Yeah we got a Fanuc EDM machine for our gears. We used that for a few years also but then it became where we had no work for it so same with the gear cutter we sold that. It was a LOT easier to sell that obviously. Shipping is another thing I was worried about as well. As far as the old gear cutter goes, yes we'd set it up and let it run and it would just be in the background cutting through splines while we were running the other CNC lathe and mills

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    Quote Originally Posted by Richard King View Post
    Contact Don Shaduck and ask him. He is a Gear machinist and an expert:
    Gear Works, Inc.
    Machine shop
    Website
    Directions
    76 Pearl St, Springfield, VT 05156
    (802) 885-5039
    Nice! I appreciate the info! I will definitely give him a shout and see if I cant figure something out.

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    I can personally deliver it anywhere in VA/NC area. We transported in our work truck to the new shop when we moved. I know i can move it but it would pretty much have to be the VA/NC area. You would have to have a way to unload it also.

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    Likely newer than the 1906 model without the overarm support.
    cincinnatti-gear-cutting-machine-company-1.jpgcincinnati-gear-cutter.jpg
    You gear cutter does not show the outboard support. It is used for large diameter gears.
    There should also be a rim support that attaches to the column. It is used to reduce vibration and promotes smooth cutting.
    This gearcutter is of the "Automatic" type in that once started it will run unattended and shut off after the last gear tooth is formed.
    It will only cut spur gears.

    Here is something a bit larger.
    automatic-gearcutters.jpg

    I bought a B&S automatic gearcutter that had been owned by McDonnell Douglas/Boeing for $400.
    About the same vintage as yours. Manuals for settings and the change gears included.
    Your machine should/may have a set of arbors with sleeves
    John

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    Sad to say but unless you have an unusual situation, I wouldn't even pay scrap price. They take up the same amount of space as a hobber, the teeth they cut are not the right shape, the spacing is not as good, and you need seven cutters to do the full range where one hob will do any number of teeth : better, faster, and cheaper.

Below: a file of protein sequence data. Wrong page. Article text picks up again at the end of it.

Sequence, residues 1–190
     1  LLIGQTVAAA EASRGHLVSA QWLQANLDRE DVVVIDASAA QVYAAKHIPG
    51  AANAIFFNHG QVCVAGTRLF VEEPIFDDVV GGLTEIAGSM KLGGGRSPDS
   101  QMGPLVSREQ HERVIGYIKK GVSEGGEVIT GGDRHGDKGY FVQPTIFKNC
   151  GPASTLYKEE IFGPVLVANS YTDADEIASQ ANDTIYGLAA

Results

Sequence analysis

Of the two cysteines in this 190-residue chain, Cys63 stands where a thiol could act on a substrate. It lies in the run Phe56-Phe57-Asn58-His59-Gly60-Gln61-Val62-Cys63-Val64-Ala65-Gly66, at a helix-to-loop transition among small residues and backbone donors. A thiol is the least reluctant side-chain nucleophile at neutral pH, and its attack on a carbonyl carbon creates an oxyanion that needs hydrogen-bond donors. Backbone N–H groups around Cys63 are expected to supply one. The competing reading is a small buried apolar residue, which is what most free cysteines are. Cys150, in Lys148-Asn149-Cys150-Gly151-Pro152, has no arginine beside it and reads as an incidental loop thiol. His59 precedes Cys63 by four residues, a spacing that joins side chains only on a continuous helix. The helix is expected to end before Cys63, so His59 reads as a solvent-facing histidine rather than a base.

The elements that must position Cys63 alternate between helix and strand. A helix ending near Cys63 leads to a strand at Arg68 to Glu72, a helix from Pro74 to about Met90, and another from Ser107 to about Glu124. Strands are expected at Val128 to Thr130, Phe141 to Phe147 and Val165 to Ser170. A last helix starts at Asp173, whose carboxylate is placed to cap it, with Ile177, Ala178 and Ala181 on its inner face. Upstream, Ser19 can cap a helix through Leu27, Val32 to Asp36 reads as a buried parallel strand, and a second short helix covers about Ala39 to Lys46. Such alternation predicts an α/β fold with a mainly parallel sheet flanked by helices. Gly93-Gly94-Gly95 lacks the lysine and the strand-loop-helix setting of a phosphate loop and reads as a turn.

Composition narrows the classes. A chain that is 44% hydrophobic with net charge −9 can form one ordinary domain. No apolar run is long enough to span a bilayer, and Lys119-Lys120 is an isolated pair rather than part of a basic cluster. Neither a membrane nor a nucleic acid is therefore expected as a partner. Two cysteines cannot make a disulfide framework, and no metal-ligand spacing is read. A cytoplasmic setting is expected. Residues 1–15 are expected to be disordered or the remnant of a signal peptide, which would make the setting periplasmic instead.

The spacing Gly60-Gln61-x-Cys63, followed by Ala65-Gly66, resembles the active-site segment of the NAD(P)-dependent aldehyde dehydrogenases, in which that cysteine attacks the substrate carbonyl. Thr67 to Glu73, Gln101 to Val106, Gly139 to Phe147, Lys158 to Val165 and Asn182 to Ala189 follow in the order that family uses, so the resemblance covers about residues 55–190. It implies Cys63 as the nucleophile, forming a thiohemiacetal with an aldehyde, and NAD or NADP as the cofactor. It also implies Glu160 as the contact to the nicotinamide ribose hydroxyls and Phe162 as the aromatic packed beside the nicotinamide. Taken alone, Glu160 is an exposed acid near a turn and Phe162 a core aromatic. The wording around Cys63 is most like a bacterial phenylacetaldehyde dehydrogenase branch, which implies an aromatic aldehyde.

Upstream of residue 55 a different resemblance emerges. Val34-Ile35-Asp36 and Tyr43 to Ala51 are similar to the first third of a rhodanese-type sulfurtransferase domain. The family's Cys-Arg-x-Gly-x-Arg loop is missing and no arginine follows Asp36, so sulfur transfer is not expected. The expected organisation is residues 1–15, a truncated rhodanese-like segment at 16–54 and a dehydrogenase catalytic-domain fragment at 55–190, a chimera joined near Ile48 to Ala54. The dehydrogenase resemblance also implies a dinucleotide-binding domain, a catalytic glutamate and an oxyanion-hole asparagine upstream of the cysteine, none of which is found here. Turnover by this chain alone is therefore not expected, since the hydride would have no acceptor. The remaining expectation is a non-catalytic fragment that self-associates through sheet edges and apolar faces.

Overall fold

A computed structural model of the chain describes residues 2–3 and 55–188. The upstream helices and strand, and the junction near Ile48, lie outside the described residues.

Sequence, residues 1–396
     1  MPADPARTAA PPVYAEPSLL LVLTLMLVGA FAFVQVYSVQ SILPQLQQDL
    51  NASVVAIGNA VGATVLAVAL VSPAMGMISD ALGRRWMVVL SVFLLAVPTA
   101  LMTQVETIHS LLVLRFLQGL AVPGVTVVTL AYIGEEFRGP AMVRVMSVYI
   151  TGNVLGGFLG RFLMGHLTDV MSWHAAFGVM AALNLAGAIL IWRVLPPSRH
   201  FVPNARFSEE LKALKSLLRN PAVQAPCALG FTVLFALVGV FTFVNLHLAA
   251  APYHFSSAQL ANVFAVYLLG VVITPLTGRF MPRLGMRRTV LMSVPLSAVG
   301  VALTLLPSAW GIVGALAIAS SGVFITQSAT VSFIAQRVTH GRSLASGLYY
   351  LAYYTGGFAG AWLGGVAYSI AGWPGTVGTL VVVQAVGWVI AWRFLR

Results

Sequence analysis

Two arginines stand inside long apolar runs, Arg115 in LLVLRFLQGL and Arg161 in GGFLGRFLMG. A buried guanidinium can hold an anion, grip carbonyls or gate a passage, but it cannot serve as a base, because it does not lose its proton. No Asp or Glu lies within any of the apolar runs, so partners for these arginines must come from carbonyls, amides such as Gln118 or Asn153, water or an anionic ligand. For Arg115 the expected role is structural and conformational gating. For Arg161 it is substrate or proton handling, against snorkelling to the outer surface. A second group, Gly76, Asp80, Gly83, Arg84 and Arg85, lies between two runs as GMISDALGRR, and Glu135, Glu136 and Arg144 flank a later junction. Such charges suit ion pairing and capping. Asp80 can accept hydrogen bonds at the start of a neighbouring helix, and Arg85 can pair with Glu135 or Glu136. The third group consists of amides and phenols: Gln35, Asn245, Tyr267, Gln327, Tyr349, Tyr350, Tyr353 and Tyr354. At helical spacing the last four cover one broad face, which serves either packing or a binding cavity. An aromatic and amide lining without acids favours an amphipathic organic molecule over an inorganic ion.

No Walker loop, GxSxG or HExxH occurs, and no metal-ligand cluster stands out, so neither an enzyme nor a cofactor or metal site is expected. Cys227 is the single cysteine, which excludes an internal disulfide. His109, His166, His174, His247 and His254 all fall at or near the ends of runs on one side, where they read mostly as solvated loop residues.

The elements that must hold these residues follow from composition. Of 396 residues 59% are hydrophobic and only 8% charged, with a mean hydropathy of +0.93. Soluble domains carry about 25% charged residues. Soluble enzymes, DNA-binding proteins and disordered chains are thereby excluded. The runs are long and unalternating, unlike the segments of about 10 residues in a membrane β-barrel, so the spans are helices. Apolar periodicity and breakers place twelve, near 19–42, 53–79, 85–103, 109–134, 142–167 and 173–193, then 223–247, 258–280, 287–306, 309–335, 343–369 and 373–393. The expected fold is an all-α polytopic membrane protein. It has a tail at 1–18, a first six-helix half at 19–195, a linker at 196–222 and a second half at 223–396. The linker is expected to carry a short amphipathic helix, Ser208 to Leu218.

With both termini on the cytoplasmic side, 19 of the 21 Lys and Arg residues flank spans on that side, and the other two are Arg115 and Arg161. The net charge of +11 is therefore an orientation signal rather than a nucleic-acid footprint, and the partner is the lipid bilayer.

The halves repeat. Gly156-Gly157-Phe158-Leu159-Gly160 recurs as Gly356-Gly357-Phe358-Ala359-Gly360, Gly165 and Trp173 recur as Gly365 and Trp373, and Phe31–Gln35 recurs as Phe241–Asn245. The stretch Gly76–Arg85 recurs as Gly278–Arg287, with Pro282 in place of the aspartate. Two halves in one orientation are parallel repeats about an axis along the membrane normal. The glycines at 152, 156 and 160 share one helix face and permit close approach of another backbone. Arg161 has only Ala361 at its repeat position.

It's a technology whose time has passed.

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    You’re correct that the hobs are faster and generate the proper tooth profile but you can make a fairly large gear with a cheap (relative to a hob) cutter with these. If you need the occasional largish pinion or odd replacement gear these are handy. I wouldn’t want to buy or rent a 3 or 4 DP hob to make one gear. As you note if I had to choose one or the other fully tooled up, I would pick the Hobber but these do have a place.

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    Cincinnati Gear Cutting Machine

    Here is a link above to a thread I posted about mine. I set it up to cut a couple gears that a friend of mine wanted to make. They got cut in half and welded to a part to give motion on a plate lifter. One gear made 2 180 degree sections. Worked fine for that.
    The guy I got it from also used it to cut ratchets. It set next to a big Newark involute gear cutter. Indexing chart was the same between the 2 machines. The Newark actually actually went to a gear shop that was going to use it to rough cut gears to finish on their hobber. Saving wear and tear on the bigger hobs I assume.
    I do have an indexing chart.
    I haven’t used mine for several gears and will probably let mine go at some point.
    Any gears I have cut I have done on my hobber for some time.
    In the thread I state mine is rated up to a 4 pitch gear. I would hazard a guess the the this one is the same.
    Last edited by kevin johnson; 10-05-2021 at 06:17 AM. Reason: Additional information

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    One other way to look at this is it's a bit like a plainer or shaper. Both of which have been largely "replaced" by faster more accurate ways of making intricate cuts or flat surfaces, but the cost of tooling and the cost of the machine itself kinda generates a market of it's own as there are jobs out there that need to be done, but can't justify the new or more accurate way. Shapers for example have a very low market value and the cutters are dirt cheap and a shaper you can broach some intricate keyways. The better faster way to do them is with an EDM... but not everyone has or can justify obtaining an EDM and there are times that outsourcing the job isn't practical or cost effective (such as for repairs or inhouse jobs).

    It's not saying that these old-school machines are going to cut circles around the better methods, just that on the right floor they still have practical value more than just a neat antique. As time goes on, the better more modern machines get older and more affordable and trickle down into the market, but gear hobs don't seem to be getting much cheaper, and CNC/electronics don't age well.

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    Thanks for all your help. He is just gonna throw the actual machine itself in the scrap bin.It seems like more trouble than its worth. However We do have a lot of cutters and tools for it if anyone is interested in any of it shoot me an offer and maybe we can work something out. If you have a similar machine or any of these cutters will work on something you have. The picture is attached

    img_2372.jpg

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    Quote Originally Posted by DeSelle View Post
    I wouldn’t want to buy or rent a 3 or 4 DP hob to make one gear.
    3 or 4 pitch is big ? Get you a hob for a couple hundred dollars. You'd pay about the same for a single cutter from Ash.

    Seriously, if you have one sitting in the corner already ? Great. But buy one and move it ? You're going to lose money.

    The ones that will do bevels, maybe. That's a really weird market and you might be able to make money with one of these.

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    and a shaper you can broach some intricate keyways.
    To finish making the point you started.....

    With cheap tooling
    a shaper can plane gear teeth, too.

    Shaper can generate them too, as a PM'r used to demonstrate.



    smt